Technology integration for high poverty schools is a luxury for most teachers. The teachers either have some outdated technology or none at all.
As a math teacher integrating technology honestly was not a priority until after an intense conversation with my son about 3 years ago. He was so disappointed because he felt like school had not prepared him for real life.
Our conversation really bothered be so much that I began to reflect and change how I taught math concepts to my students. I’ve always made sure that I connected math to real-life situations but I also included culturally responsive teaching and more technology.
Although I have plenty of experience with working in high poverty settings, making changes like these didn’t come without its challenges! There were many challenges that didn’t anticipate. For example, after getting a classroom set of Chromebooks I didn’t expect my high achieving students would have so many computer deficits. I had to take the time to teach them basic keyboard skills.
After implementing Google Classroom with just one of my three classes, I quickly realized that there are 5 simple steps that teachers in high poverty setting show follow to get started with Google Classroom.
1. Create a Plan
Before jumping feet first into using Google Classroom it is very important to create a plan. This plan should include:
Purpose – if you don’t set the purpose for implementing the platform the students will use is a entertainment tool
Expectations – lay the foundation of what you expect when using the platform
Consequences – what will you do when students don’t follow your expectations
Computer storage- where will you store your computer/how will you charge your computers
Frequency – how often do you want to use Google Classroom
Routines and Procedures – routines are the step by step process and the procedures are the how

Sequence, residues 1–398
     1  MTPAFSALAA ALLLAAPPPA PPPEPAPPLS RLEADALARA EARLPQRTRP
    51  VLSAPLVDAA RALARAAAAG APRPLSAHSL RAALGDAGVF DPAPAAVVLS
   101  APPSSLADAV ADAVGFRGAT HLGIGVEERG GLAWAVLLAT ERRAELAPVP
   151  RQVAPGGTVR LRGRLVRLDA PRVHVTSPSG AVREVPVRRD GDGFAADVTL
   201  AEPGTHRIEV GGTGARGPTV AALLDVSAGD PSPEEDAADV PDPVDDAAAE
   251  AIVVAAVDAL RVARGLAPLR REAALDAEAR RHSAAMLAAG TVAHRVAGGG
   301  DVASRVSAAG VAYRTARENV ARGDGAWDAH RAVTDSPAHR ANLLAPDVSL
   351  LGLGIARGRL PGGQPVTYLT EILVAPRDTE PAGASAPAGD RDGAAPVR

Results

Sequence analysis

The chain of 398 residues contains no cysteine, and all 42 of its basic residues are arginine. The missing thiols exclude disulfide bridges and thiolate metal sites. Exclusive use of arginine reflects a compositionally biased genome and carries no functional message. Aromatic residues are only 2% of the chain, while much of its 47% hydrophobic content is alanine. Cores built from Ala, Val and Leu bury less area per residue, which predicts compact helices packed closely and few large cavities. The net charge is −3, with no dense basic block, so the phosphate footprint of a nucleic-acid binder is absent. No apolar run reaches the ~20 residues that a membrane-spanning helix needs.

2. Find Resources
There are many blogs, podcasts, and books that you can turn to when getting started with Google Classroom. When I decided that I wanted to use Google Classroom I began with Twitter. I found the hashtag for Google Classroom which then led me to other resources.
Being a change agents can sometimes be a lonely place. Often times it seemed as if I was the pioneer for trying to expose my students to more 21st Century skills. This made me look for resources outside of the school and sometimes the school district. If you want to implement innovative teaching ideas in your classroom don’t let the lack of support deter you because there are online communities that can provide the support that you will need.
3. Prepare Your Classroom
Preparing your classroom for technology integration may seem silly to some teachers. When I began to use Chromebooks on a daily basis it changed the dynamics of my classroom. I had to create an area to store the computers as well as additional routines and procedures for distributing and charging the computers.
It is not uncommon for students in high poverty setting to associate computers with entertainment. Throughout this process I learned that it’s a huge mind shift for me and the students when we began to use computers alongside paper and pencil.
4. Scaffold Google Classroom Introduction
Just like with your instruction you have scaffold the implementation of Google Classroom. Some of the students will go with it and be rock stars and others not so much! Of all of the resources that I have used, I think Alice Keeler’s blog does a great job of scaffolding instruction using Google Classroom.
When I introduced Google Classroom to my students I began with a simple Youtube video on the purpose of the platform. Then I created a question in the stream for the students to answer. Every week I introduced a new feature by creating a new assignment for the students.
5. Create Paperless Assignments
There are some teachers who have paperless classrooms. I’m not a fan of total paperless classrooms. Especially not for in a high poverty school, because a large majority of the students don’t have access to computers at home. Also, sometimes the technology doesn’t work. Creating a hard copy for the students allows me to continue with my lesson when the technology isn’t available.
There are 2 programs that I use to create paperless assignments that integrate with Google Classroom. Nearpod and EdPuzzle are 2 platforms that I use to create my assignments. I create Google Slides to create my lesson and Nearpod allows me to make the slides interactive. I use Edpuzzle to flip some of my lessons with videos.